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Mental health: Pandemic takes toll as suicides rise in Florida

Former firefighter cites sheriff's deputy for saving his life
Suicide prevention calling number on phone
Posted at 11:23 AM, Nov 17, 2021
and last updated 2021-11-18 00:00:54-05

WEST PALM BEACH, Fla. — A local father is sharing his story to help others and raise awareness of mental health issues impacting our community.  

"I worked too much. I dedicated my life to my job but not to my family, so I felt I was better off without them. I thought they were better off without me," David Bradley said.  

The 35-year-old father said he lost his teenage brother and a close friend to suicide last year.  

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"The only person that recognized my downfall was my wife. I didn't recognize it," he said. "I was hellbent on doing what I felt I needed to do, and there was no changing my mind."  

The now-retired firefighter credits his wife and a Palm Beach County Sheriff's Office deputy with saving his life last July.  

"He saved my life that day. I attribute everything to my wife and him that day," he said.  

Increase in suicide numbers in Palm Beach County and the Treasure Coast from Jan. 2020 to Oct. 31, 2020 to Jan. 2021 to Oct. 2021
Suicide numbers have increased by more than 30 percent in Palm Beach County and the Treasure Coast since last year.

Bradley now chooses to tell his story in the hopes of helping others as figures released by the Medical Examiner's Office in Palm Beach County show a 31% increase in suicides this year from Jan. 1 through Oct. 31.

The Treasure Coast saw a similar 32% rise.  

"People are sad, and they don't know how to deal with it, and they don't know where to turn," Bradley said.  

Patrice Schroeder with the 211 Helpline said she believes the pandemic is making things worse.

Numbers show people reaching out for help for mental health and addiction problems increased 10% in the first year of the pandemic. Through September of this year, 211 Helpline is already on pace to surpass last year's total health crisis calls.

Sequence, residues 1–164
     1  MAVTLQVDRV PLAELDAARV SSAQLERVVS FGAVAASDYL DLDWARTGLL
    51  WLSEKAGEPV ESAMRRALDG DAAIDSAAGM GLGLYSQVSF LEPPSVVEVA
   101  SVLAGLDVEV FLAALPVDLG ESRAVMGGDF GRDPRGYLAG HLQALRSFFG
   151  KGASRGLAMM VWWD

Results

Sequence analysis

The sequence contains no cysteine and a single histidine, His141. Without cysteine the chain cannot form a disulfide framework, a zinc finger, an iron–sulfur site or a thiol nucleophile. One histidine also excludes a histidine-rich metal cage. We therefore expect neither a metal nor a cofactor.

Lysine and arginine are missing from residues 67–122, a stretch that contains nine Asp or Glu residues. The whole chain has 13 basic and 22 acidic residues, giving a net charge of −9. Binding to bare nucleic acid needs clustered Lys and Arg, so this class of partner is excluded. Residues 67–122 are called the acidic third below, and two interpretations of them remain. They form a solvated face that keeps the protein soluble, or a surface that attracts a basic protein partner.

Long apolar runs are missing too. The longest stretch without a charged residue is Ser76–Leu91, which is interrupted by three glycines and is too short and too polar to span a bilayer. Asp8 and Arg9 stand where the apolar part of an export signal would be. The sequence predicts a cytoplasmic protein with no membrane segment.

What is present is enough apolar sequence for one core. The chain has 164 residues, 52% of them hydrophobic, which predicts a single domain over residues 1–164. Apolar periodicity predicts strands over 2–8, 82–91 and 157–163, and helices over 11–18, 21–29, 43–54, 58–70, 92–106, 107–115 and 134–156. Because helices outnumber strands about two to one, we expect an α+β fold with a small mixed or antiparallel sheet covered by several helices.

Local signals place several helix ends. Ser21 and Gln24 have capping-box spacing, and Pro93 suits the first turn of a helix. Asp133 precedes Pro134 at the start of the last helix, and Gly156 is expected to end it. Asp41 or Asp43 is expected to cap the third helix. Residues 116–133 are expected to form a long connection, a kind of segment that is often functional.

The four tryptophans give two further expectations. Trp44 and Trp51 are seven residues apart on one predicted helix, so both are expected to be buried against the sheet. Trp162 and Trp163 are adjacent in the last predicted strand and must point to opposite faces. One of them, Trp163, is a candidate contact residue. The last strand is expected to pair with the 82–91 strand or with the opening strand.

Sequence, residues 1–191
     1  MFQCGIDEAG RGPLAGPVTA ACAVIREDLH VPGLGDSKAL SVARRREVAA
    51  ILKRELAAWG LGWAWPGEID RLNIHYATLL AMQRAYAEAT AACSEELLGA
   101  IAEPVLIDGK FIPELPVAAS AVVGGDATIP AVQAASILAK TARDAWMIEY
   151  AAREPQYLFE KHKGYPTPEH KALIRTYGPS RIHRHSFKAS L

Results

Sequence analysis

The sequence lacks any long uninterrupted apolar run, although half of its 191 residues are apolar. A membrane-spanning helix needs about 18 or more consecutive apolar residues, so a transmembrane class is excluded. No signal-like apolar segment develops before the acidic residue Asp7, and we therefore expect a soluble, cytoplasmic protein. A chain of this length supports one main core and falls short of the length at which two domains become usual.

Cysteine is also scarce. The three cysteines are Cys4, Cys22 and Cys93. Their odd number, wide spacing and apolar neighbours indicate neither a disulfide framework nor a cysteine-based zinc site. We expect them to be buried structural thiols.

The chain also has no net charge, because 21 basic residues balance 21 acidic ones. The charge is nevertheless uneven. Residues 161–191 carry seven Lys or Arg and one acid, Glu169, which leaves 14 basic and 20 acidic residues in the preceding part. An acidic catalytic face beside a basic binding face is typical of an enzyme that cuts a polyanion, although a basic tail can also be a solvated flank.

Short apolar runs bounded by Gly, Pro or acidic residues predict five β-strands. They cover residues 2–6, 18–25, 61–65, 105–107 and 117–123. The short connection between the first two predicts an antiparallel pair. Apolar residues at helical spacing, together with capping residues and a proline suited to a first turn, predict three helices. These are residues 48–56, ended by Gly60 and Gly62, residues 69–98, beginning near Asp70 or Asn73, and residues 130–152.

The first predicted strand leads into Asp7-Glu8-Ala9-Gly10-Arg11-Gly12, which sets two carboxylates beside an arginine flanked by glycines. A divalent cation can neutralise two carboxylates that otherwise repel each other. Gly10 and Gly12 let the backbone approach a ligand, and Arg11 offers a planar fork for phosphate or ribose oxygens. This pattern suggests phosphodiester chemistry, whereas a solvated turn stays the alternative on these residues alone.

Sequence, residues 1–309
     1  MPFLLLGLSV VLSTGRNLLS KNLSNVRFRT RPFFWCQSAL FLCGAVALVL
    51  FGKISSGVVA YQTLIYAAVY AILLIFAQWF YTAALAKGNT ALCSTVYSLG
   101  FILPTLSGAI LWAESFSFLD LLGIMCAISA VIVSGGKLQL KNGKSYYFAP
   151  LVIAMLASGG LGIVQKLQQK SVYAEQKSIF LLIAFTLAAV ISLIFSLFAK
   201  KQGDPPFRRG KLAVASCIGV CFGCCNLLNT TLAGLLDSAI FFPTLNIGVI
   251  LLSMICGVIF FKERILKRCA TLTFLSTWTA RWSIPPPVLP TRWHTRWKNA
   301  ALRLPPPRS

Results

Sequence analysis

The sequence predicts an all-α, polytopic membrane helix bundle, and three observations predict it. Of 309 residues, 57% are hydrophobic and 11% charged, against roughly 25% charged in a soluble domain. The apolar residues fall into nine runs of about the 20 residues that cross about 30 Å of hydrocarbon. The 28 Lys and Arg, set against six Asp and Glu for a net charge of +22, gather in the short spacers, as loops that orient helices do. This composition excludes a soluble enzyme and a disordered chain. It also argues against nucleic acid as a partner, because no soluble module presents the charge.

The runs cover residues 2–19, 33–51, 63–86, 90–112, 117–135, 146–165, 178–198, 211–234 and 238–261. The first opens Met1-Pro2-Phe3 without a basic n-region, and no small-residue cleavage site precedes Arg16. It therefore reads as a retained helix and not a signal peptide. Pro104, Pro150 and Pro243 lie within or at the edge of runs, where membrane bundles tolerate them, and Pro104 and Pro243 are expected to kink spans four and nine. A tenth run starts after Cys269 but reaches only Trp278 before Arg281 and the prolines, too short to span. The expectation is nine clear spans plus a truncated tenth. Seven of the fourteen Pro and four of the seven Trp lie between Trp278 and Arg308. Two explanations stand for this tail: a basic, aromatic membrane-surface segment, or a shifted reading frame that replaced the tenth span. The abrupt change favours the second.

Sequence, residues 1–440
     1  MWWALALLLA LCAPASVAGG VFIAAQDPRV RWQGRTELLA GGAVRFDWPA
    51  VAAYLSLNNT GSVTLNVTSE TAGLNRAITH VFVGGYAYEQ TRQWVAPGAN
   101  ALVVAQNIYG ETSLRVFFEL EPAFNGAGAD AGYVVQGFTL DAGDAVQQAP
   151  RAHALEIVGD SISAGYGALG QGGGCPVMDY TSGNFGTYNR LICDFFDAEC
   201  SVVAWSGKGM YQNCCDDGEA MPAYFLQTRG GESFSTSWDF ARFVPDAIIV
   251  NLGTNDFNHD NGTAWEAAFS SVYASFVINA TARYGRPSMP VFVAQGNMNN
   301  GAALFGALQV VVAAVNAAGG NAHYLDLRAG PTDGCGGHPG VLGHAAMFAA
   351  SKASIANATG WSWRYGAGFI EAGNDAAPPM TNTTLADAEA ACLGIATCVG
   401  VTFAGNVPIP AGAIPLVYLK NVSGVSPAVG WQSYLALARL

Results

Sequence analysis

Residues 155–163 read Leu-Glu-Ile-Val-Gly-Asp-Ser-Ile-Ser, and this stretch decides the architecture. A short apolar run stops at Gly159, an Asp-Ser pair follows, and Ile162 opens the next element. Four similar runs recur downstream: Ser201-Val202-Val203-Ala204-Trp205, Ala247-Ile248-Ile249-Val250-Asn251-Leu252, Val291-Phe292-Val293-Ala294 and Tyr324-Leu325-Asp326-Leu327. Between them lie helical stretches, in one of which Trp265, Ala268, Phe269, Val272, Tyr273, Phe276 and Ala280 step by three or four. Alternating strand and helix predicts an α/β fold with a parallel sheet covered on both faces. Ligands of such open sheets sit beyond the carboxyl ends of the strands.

Mental health and addiction problems increased 10% in the first year of the pandemic
Mental health and addiction problems increased 10% in the first year of the pandemic, according to 211.

"The economic climate, the health care crisis, I think all of this is driving this. It puts a lot of stress on families and individuals with their mental health," Schroeder said.

Licensed Mental Health Counselor Vassilia Binensztok thinks there is post-traumatic stress from the pandemic.

"I've been seeing a lot of people with increased anxiety, panic attacks," Binensztok said. "There are many people that wonder if they’ll ever be able to live the life they want, provide for their families in the way that they want, and all of that contributes to a sense of hopelessness."

Letter to deputy from David Bradley who was suicidal
David Bradley penned a letter to the deputy that he credits with saving his life.

Bradley recently penned a letter to the sheriff's office to thank the deputy for giving him and his family a second chance.

"I believe in my heart of hearts he saved my life that day, and he needs to know it," Bradley wrote. "I owe him everything."  

Help is always available if you are in need of assistance.  

You can call the 211 Helpline 24 hours a day, seven days a week or the National Suicide Prevention Lifeline at 800-273-8255.  

Click here for more resources for you or someone you know who might be at risk of suicide.

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